19. ^ "Chicago Landmarks: Alphabetical Listing". City of Chicago Dept. of Pl. and Devpmt., Landmarks Div.. 2003. http://www.ci.chi.il.us/Landmarks/List.html. Retrieved 2007-04-11. 
  20. ^ "National Register of Historic Places: Illinois - Cook County". National Register of Historic Places.com. http://www.nationalregisterofhistoricplaces.com/IL/Cook/state.html. Retrieved 2007-05-02. 
  21. ^ "National Register Information System". National Park Service. 2007-01-09. http://www.nr.nps.gov/. Retrieved 2007-04-11. 
  22. ^ "National Historic Landmarks Program". National Park Service. http://tps.cr.nps.gov/nhl/default.cfm. Retrieved 2007-04-11. 
  23. ^ "National Historic Landmarks Survey: Listing of National Historic Landmarks by State: Illinois". http://www.cr.nps.gov/nhl/designations/Lists/IL01.pdf. Retrieved 2007-04-11. 
  24. ^ "Palmolive Building". City of Chicago Dept. of Pl. and Devpmt., Landmarks Div.. 2003. http://www.ci.chi.il.us/Landmarks/P/Palmolive.html. Retrieved 2007-04-13. 
  25. ^ "Perkins, Fellows & Hamilton Office and Studio". City of Chicago Dept. of Pl. and Devpmt., Landmarks Div.. 2003. http://www.ci.chi.il.us/Landmarks/P/Perkins.html. Retrieved 2007-04-13. 
  26. ^ "Old Chicago Water Tower District". City of Chicago Dept. of Pl. and Devpmt., Landmarks Div.. 2003. http://www.ci.chi.il.us/Landmarks/O/OldWaterTowerDistrict.html. Retrieved 2007-04-13. 
  27. ^ "Allerton Hotel". City of Chicago Dept. of Pl. and Devpmt., Landmarks Div.. 2003. http://www.ci.chi.il.us/Landmarks/A/AllertonHotel.html. Retrieved 2007-04-11.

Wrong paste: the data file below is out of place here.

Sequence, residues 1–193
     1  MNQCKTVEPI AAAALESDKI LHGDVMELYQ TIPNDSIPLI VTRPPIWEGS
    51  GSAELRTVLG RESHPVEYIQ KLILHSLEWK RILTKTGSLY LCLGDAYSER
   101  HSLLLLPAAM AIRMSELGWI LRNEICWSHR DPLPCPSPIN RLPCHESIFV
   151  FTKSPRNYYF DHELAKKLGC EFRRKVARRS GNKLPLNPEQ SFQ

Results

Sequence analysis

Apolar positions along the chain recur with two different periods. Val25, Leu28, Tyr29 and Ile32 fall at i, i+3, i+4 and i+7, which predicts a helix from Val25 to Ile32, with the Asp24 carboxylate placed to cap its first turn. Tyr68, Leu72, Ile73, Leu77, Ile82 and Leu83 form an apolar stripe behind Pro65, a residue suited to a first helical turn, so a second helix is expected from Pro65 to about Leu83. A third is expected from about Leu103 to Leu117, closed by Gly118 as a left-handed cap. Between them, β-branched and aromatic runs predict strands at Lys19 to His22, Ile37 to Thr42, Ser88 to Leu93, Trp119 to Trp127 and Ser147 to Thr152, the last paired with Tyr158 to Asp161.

28. ^ "Woman's Athletic Club". City of Chicago Dept. of Pl. and Devpmt., Landmarks Div.. 2003. http://www.ci.chi.il.us/Landmarks/W/WomansAthletic.html. Retrieved 2007-04-13. 
  29. ^ "McGraw-Hill Building". City of Chicago Dept. of Pl. and Devpmt., Landmarks Div.. 2003. http://www.ci.chi.il.us/Landmarks/M/McGrawHill.html. Retrieved 2007-04-13. 
  30. ^ "Tribune Tower". City of Chicago Dept. of Pl. and Devpmt., Landmarks Div.. 2003. http://www.ci.chi.il.us/Landmarks/T/TribuneTower.html. Retrieved 2007-04-13. 
  31. ^ "Du Sable, Jean Baptiste Point, Homesite". National Park Service. http://tps.cr.nps.gov/nhl/detail.cfm?ResourceId=1614&ResourceType=Site. Retrieved 2007-04-16. 
  32. ^ "Michigan Avenue Bridge and Esplanade". City of Chicago Dept. of Pl. and Devpmt., Landmarks Div.. 2003. http://www.ci.chi.il.us/Landmarks/M/MichAveBridge.html. Retrieved 2007-04-13.